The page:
VSG’s budget is mostly derived from the student body’s housing fees and an annual allocation from the Student Organizations, Leadership and Service office. According to OHARE, $6 of every student’s annual housing fee goes towards VSG. Grubbs told The Hustler that any member of VSG can make a purchase if they receive approval from the executive board member who oversees their position and the VSG advisors.

“I think it is kind of just shocking to realize that, last year, VSG had $200,000,” Grubbs said. “When we talked to other student governments who went to an SEC Exchange, which is a conference for all student governments in the SEC, they were kind of surprised at that amount of money, especially since it’s not our responsibility to divvy out our money to student orgs like how a lot of other student governments do.”

Goals for this year

Sliman and VSG Vice President Kendelle Grubbs, a senior, ran on a platform aimed at lowering internal VSG spending. Sliman stated that going forward, this report will be released at the end of every school year, and the expenditure descriptions will be required to be more detailed. 

“Students deserve to know what the money has been spent on,” Sasson said.

Sliman and Grubbs aim to reduce merchandise costs, food expenses and social event expenses this year at the executive board, cabinet and committee chair levels. 

“The vast majority of VSG’s biggest transactions benefit the members of VSG themselves,” senior Nisala Kalupahana said. “Some of the Lyft code purchases, which only give us a small ride discount, are further down the list. At my internship this summer, they gave us free rides if we were in need, so there’s clearly a way to make this happen.”

Grubbs stated that, for the 2023-24 year, each committee will be allotted $200 to be used for team bonding and social purposes. She added that VSG will continue to host its regular retreat this year to train its members all at once, but costs will be kept lower than in past years. She said the specific budget is currently being drafted. 

Sliman added that VSG hopes to expand its co-sponsorship program, which had previously been allocated over $65,000. This program provides additional funds by application to student organizations that are holding school-wide events.

“We’re just in such a supportive role,” Sliman said. “There are a lot of things that we can do well by just providing support for other students to do it. There are a lot of events that, theoretically, we could host, but there’s already an organization out there that specializes in hosting that type of event; if we could support them financially and maybe with some volunteers, they would be able to run that event super effectively.”

According to Sasson and Sliman, VSG’s official budget for the 2023-24 school year will be released later this fall after the Senate confirms it. The budget is drafted by Sliman, Grubbs, Sasson, Speaker of the Senate Marco Navarro Stanic, a junior, and Treasurer Eliza Brennan, a sophomore, after speaking to their respective branches about their monetary needs. A budget proposal, final approved budget and expenditures should also be posted to AnchorLink when available.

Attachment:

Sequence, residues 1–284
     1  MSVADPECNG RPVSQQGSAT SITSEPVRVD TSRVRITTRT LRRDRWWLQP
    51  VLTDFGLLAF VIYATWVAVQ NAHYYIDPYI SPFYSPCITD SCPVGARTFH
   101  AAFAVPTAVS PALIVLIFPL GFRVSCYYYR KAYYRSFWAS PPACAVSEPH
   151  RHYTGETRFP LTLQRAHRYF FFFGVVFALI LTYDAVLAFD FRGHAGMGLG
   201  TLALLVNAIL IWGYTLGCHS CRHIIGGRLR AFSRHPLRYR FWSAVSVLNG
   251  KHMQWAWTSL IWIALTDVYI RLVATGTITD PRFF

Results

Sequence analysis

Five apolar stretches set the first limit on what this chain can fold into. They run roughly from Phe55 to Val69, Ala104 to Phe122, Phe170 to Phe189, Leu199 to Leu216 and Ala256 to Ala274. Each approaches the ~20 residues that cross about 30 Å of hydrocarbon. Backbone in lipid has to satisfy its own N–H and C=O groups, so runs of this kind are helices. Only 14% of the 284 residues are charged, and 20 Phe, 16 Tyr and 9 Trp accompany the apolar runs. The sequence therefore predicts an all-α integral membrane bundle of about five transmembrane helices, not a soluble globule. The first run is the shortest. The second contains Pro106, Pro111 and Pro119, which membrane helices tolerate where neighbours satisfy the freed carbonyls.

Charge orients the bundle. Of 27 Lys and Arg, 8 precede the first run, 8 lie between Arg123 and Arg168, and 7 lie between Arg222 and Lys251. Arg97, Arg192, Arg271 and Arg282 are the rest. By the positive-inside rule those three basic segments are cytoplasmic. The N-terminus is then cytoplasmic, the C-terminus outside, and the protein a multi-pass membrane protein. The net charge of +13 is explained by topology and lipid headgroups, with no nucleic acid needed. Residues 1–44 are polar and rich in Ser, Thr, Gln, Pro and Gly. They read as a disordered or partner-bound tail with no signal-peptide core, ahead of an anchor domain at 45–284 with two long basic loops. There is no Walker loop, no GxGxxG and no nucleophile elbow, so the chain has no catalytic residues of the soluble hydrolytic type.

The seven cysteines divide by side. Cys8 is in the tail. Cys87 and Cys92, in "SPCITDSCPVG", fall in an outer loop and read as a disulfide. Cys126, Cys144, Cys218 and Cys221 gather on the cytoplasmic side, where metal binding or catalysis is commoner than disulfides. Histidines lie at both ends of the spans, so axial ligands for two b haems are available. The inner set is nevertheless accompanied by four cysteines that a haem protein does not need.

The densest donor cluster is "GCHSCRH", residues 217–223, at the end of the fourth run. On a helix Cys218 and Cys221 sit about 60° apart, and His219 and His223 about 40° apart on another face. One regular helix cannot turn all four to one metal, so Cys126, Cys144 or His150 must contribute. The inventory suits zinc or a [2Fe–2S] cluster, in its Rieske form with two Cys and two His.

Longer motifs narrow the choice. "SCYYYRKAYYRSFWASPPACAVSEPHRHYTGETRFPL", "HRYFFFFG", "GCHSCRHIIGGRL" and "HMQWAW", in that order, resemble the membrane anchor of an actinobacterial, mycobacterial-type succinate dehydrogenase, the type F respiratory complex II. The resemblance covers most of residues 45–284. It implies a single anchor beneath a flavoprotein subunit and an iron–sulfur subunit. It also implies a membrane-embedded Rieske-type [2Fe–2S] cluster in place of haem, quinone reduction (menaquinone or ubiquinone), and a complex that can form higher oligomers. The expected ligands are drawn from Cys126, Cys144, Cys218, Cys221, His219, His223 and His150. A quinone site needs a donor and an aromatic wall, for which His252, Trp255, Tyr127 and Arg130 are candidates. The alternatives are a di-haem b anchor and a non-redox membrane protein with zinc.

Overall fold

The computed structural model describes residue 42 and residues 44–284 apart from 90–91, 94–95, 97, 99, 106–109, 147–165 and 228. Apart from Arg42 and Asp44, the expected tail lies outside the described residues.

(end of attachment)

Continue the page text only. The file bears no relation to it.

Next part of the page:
“All in all, I’m really glad that the new VSG administration has released this budget,” Kalupahana said. “I’m hopeful that these releases will continue, and that the accountability that follows leads to changes in spending that prioritizes student needs.”

Editor’s note: The spreadsheet provided by Sliman and Grubbs was broken down by hand into internal spending, external spending and miscellaneous charges (unclear labeling). Duplicated charges were removed from the total during analysis, and purchases that were later refunded were not included in the totals.

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About the Contributors
Rhea Patney
Rhea Patney, Managing Editor
Rhea Patney (‘26) is majoring in medicine, health and society and communication of science and technology on the pre-med track in the College of Arts and Science. She is from St. Louis and previously served as Deputy Data Director. When not writing for The Hustler, Rhea loves reading, starting new TV shows and struggling to finish them, playing sports and watching sunsets with her friends. She can be reached at [email protected].
Narenkumar Thirmiya
Narenkumar Thirmiya, Staff Photographer
Narenkumar Thirmiya ('24) is from Orlando, Fla., and is majoring in neuroscience and medicine, health, and society in the College of Arts and Science. When not shooting for The Hustler, he is streaming TV, playing the piano or guitar or exploring nature photography. You can reach him at [email protected].
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Robert
9 months ago

The expenditures are absolutely ridiculous. Nothing can change the past, but VSG needs to have their budget allocation dramatically reduced and perhaps the difference can be reallocated to SOLS and given to deserving orgs. I know so many who struggle to accomplish meaningful events during the year for the whole community to enjoy; meanwhile, VSG spends literally tens of thousands of dollars on merchandise for their members.

G
Grumpy Alum
9 months ago

Blatant corruption! And to the prior VSG members, who refused to comment: shame!

J
Jack P
9 months ago

What a scam organization- run for the benefit of the executive leadership – wasting money on extravagances. It looks like Ms. Mittla, in particular, used the position to pad her resume and have expensive dinners rather than do any good. I wonder who the advisor was who participated in the dinner at Sunda?